Makeover is the term we use to describe a certain type of project where a client does not just want to extend or change the internal layout but wants to do more. It may require a facelift improving kerb appeal for instance or the way the living space relates to the garden. Quite often extending or reorganizing the spaces is on the agenda too but it is an awareness that something more fundamental is required that is the key. It can stem from a desire to increase the value of a house for commercial gain or, as is more often the case, the clients like a location but just dislike the house as it stands. We even get clients who aspire to move to a location, give us a list of properties and ask us to appraise all of them. In this case we would start with trying to understand the clients needs in terms of accommodation and stylistic preferences. Some clients have started scrapbooks containing photos of houses they like before we first meet and this is very helpful. We are aware that some less prosaic clients miss out because they do not appreciate what we can do for them, and of course it is a courageous act to put such trust in another. I would always encourage those embarking on such a process to meet their intended architect or designer to see if there is a meeting of minds before engaging. Even then the client should be prepared to change designers if things are not working out and I describe a project below that came to us under similar circumstances. We were very pleased to be of assistance and as it happens things have turned out better than the clients expected.
Our clients already had plans prepared by others to demolish and re-build a very tired bungalow with the intention that they would live there. Once builders quotations had been received for the scheme it become clear that the project could not be economically justified. We were then commissioned to improve the existing building with a view to our client selling it. We looked at a number of ideas and based on what clients are generally asking for nowadays we developed a scheme that would, we thought, achieve the best returns. To achieve this you must have regard to building costs the end value and the time taken to fruition. The end value will largely be governed by location, which of course we have no power over, but we can help with the design. We prepared a number of proposals and the client chose in my view the best of these. To call the adopted scheme a make-over is misleading and since I hate the term anyway, I would prefer to describe the proposal as an exercise in rebuilding, restoration, remodeling, regeneration, renovation, reorganization or even re-creation. Call it what you will, it has completely transformed the house into a chalet bungalow with two large bedrooms with en suite in the rebuilt roof. The lounge is still the lounge but the fireplace has been rebuilt so that it does what was intended by the original architects but never really achieved – it provides a feature and a focal point within the room. There is another large third bedroom with en suite on the ground floor for guests. But the real joy of this house is the journey from the entrance door through to the family room and kitchen. Most clients want a family room adjacent or part of the kitchen and if this space overlooks the garden then it is much the better for it. This space does not just overlook a garden but it overlooks a beautifully mature garden that has been tended and cared for by the occupants over the years.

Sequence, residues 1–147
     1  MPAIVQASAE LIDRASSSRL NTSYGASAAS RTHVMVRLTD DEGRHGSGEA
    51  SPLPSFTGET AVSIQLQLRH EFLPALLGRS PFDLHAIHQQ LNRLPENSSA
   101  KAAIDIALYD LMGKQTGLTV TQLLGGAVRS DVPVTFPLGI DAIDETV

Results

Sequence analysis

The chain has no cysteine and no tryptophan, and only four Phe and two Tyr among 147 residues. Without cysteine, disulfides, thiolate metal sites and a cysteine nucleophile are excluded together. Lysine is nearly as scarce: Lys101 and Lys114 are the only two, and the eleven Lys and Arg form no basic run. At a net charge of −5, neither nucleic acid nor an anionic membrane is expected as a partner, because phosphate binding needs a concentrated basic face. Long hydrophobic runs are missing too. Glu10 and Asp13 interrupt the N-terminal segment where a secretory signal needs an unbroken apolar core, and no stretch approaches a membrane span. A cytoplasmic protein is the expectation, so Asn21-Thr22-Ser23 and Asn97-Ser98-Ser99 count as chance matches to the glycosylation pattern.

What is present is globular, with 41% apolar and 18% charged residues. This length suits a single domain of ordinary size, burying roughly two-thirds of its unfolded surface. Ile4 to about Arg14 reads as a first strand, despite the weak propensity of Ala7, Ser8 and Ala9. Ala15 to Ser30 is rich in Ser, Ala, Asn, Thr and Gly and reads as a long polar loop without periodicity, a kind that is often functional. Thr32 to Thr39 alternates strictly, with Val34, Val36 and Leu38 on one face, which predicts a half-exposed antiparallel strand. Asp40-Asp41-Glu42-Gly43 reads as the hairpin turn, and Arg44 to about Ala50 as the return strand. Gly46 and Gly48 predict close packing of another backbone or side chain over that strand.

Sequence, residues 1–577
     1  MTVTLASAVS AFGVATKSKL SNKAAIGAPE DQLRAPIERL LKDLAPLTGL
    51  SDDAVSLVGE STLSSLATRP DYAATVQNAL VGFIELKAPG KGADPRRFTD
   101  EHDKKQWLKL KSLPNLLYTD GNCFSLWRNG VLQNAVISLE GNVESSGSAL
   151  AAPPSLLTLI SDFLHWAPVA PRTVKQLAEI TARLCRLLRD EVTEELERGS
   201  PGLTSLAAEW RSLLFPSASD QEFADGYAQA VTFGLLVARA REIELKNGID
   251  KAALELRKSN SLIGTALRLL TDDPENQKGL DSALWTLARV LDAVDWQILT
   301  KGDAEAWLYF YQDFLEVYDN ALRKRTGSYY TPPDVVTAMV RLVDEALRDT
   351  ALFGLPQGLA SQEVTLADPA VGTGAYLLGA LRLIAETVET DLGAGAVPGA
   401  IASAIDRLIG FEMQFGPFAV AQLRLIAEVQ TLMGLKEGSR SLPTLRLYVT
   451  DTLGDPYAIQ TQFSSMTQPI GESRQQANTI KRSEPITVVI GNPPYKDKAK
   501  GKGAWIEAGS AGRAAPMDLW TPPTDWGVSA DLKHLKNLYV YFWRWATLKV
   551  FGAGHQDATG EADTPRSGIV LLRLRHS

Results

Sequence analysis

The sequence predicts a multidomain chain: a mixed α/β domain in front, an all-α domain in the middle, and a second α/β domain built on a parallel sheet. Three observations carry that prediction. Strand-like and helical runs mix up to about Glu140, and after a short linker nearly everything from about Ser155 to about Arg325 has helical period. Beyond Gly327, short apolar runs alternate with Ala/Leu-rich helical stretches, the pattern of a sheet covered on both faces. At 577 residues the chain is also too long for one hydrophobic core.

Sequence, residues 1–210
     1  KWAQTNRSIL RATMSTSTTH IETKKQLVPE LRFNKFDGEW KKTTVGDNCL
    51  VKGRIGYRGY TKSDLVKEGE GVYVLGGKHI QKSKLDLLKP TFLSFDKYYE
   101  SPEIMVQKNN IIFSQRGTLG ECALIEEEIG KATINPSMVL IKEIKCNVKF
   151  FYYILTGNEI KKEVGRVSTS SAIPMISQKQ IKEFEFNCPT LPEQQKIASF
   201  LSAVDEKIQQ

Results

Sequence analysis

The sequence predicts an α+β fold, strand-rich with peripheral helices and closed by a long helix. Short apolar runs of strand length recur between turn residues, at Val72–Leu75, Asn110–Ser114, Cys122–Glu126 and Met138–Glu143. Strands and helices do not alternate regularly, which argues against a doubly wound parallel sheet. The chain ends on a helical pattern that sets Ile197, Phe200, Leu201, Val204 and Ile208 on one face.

The upshot to all of this is that our clients have now decided not to sell but to live in it themselves. Who can blame them. Our clients have done a fabulous job on the kitchen and, as I write this, they are grouting and polishing the granite floor tiles. It will look fabulous when it is finished and I would like to think they will enjoy this rebuilt, restored, remodeled, regenerated, renovated, reorganized recreated house as much as the new house that was never built. It is very satisfying to work on a project like this we are grateful to our clients for giving us the opportunity.
Written by Tony Keller – Building Tectonics Ltd.